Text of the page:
Hindu Manners, Customs and Ceremonies

By J. A. Dubois; Henry King Beauchamp | Go to book overview

Sanskrit of the Brahmins and Jains on this side of the Ganges, and the Pali, which is evidently derived from the Sanskrit, of the Buddhists beyond the Ganges. All these help to prove incontestably the affinity existing between the three religions.

As very little is known about the Jain cult by Europeans, although it is to be found in all parts of the Peninsula, I shall give in an appendix a short account of their doctrines and of the principal controversial points between them and their sworn enemies, the Brahmins. I should like to be able to do the same with regard to the Buddhists, but I have not been able to procure authentic documents about their cult. Residents of Ceylon, where Buddhism predominates, ought to be able to supply the blank thus left in my work.


CHAPTER VIII

Different Kinds of Brahmins.—Outward Signs by which they are distinguishable.

Brahmins are subdivided into seven sects, each of which has for its patron one of the celebrated Penitents already mentioned. Besides this, they are split up into four classes, each class recognizing one of the four Vedas as its own. Thus there are Brahmins of the Yajur-Veda, of the Sama-Veda, of the Rig-Veda, and of the Atharva- Veda. Some are of opinion that this fourth class is extinct; but, as a matter of fact, it still exists, although there are but few representatives left, who are even more exoteric than the other castes, because they allow bloody sacrifices to be offered up, and do not even draw the line at human beings. Added to this, they teach a belief in witchcraft, and any one who is supposed to possess the art earns the odious reputation of being a sorcerer. When the yagnam sacrifice takes place, it is customary for Brahmins of all four Vedas to be present. The prayers which are offered up at the sandhya1 are quoted from the four Vedas, each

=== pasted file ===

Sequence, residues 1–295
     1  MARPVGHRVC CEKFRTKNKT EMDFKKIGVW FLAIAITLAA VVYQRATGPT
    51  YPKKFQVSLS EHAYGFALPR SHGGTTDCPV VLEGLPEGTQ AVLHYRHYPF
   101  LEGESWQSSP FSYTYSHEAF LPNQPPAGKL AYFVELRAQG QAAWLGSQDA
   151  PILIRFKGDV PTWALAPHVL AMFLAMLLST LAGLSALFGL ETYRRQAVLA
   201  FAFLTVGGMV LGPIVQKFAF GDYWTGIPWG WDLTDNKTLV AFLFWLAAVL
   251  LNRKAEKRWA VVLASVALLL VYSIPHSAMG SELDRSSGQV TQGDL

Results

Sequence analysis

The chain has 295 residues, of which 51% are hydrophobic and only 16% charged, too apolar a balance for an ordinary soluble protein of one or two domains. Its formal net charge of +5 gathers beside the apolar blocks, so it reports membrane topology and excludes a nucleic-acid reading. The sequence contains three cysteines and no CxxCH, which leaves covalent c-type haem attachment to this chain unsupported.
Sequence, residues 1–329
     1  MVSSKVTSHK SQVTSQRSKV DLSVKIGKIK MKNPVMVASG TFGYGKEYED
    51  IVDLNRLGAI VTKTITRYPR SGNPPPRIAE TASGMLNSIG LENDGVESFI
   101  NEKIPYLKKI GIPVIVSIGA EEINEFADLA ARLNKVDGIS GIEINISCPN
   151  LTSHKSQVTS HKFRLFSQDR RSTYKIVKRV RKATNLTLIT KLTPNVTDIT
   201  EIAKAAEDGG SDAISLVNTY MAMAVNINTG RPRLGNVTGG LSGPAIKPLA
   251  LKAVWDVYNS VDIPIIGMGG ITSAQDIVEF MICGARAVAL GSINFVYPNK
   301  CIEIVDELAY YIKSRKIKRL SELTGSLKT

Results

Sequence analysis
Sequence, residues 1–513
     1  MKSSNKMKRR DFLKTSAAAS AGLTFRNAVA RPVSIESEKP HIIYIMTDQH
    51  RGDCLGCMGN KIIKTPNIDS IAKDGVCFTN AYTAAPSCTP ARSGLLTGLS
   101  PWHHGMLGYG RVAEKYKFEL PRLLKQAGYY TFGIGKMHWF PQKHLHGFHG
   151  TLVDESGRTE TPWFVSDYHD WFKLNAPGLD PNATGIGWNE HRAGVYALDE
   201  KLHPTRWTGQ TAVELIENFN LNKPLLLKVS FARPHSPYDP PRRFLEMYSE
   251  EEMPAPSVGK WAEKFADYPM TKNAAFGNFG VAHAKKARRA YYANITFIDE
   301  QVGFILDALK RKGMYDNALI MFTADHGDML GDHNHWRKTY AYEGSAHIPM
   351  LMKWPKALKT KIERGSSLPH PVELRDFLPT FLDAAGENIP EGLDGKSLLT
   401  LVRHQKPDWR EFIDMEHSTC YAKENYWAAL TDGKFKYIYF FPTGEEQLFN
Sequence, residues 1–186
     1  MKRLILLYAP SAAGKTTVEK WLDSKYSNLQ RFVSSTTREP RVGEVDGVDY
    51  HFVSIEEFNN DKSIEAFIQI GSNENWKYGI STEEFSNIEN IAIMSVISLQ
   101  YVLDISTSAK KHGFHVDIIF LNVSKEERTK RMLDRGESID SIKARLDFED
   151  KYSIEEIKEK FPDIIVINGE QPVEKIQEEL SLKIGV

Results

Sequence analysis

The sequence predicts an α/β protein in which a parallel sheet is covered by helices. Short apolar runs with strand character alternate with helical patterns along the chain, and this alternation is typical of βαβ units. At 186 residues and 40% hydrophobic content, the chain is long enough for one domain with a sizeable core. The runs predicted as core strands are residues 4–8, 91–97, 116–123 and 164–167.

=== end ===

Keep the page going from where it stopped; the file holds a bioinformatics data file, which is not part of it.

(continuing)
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1
Later on I shall explain in what the yagnam and sandhya consist.— Dubois. [Yagnam literally means worship (in prayer or praise); sacrificial rite, or sacrifice (to, of, by)].—Ed.

-108-

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Hindu Manners, Customs and Ceremonies
Table of contents

Table of contents

  • Title Page i
  • Editor's Preface to Third Edition iii
  • Prefatory Note v
  • Editor's Introduction viii
  • Contents xxix
  • Author's Preface 1
  • General View of Society in India, and General Remarks on the Caste System 14
  • Chapter I 14
  • Chapter II 27
  • Chapter III 38
  • Chapter IV 44
  • Chapter V 48
  • Chapter VI 80
  • Chapter VII 97
  • Chapter VIII 108
  • Chapter IX 111
  • Chapter X 123
  • Chapter XI 134
  • Chapter XII 138
  • Chapter XIII 143
  • Chapter XIV 155
  • The Four States of Brahminical Life 160
  • Chapter I 160
  • Chapter II 170
  • Chapter III 178
  • Chapter IV 186
  • Chapter V 194
  • Chapter VI 205
  • Chapter VII 235
  • Chapter VIII 269
  • Chapter IX 282
  • Chapter X 288
  • Chapter XI 295
  • Chapter XII 306
  • Chapter XIII 316
  • Chapter XIV 326
  • Chapter XV 332
  • Chapter XVI 336
  • Chapter XVII 343
  • Chapter XVIII 350
  • Chapter XIX 355
  • Chapter XX 368
  • Chapter XXI 376
  • Chapter XXII 392
  • Chapter XXIII 401
  • Chapter XXIV 415
  • Chapter XXV 420
  • Chapter XXVI 433
  • Chapter XXVII 450
  • Chapter XXVIII 474
  • Chapter XXIX 482
  • Chapter XXX 489
  • Chapter XXXI 500
  • Chapter XXXII 509
  • Chapter XXXIII 517
  • Chapter XXXIV 522
  • Chapter XXXV 528
  • Chapter XXXVI 538
  • Religion 542
  • Chapter I 542
  • Chapter II 556
  • Chapter III 567
  • Chapter IV 577
  • Chapter V 612
  • Chapter VI 636
  • Chapter VII 648
  • Chapter VIII 654
  • Chapter IX 667
  • Appendix I 685
  • Appendix II 701
  • Appendix III 706
  • Appendix IV 708
  • Appendix Vi. 717
  • Index 723
  • Some Opinions of the Press *
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